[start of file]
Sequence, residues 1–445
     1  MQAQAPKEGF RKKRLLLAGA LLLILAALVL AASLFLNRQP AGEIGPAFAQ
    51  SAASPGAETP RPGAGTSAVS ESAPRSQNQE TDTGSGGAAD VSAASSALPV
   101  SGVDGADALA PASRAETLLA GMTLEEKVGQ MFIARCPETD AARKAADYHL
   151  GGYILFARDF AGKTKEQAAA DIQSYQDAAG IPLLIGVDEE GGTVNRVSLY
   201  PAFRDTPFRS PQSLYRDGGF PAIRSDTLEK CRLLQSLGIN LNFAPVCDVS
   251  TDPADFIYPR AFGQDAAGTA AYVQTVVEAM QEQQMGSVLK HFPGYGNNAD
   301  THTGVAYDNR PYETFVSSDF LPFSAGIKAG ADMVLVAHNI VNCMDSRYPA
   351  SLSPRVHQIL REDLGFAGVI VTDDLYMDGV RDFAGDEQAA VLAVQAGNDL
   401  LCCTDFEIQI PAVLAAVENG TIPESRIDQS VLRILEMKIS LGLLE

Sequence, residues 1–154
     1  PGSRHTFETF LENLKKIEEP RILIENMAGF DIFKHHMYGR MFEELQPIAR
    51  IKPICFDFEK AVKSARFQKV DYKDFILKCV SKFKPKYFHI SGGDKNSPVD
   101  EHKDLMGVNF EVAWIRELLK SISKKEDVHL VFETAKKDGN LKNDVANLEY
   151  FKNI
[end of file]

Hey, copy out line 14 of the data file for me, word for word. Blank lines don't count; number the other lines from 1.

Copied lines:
   101  EHKDLMGVNF EVAWIRELLK SISKKEDVHL VFETAKKDGN LKNDVANLEY